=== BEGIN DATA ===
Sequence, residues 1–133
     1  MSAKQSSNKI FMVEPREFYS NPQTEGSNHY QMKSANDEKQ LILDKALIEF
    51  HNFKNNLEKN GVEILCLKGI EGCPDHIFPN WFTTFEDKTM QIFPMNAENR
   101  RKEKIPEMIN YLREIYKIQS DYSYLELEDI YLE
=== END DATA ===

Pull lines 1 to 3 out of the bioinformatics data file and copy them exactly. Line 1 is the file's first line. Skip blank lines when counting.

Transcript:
Sequence, residues 1–133
     1  MSAKQSSNKI FMVEPREFYS NPQTEGSNHY QMKSANDEKQ LILDKALIEF
    51  HNFKNNLEKN GVEILCLKGI EGCPDHIFPN WFTTFEDKTM QIFPMNAENR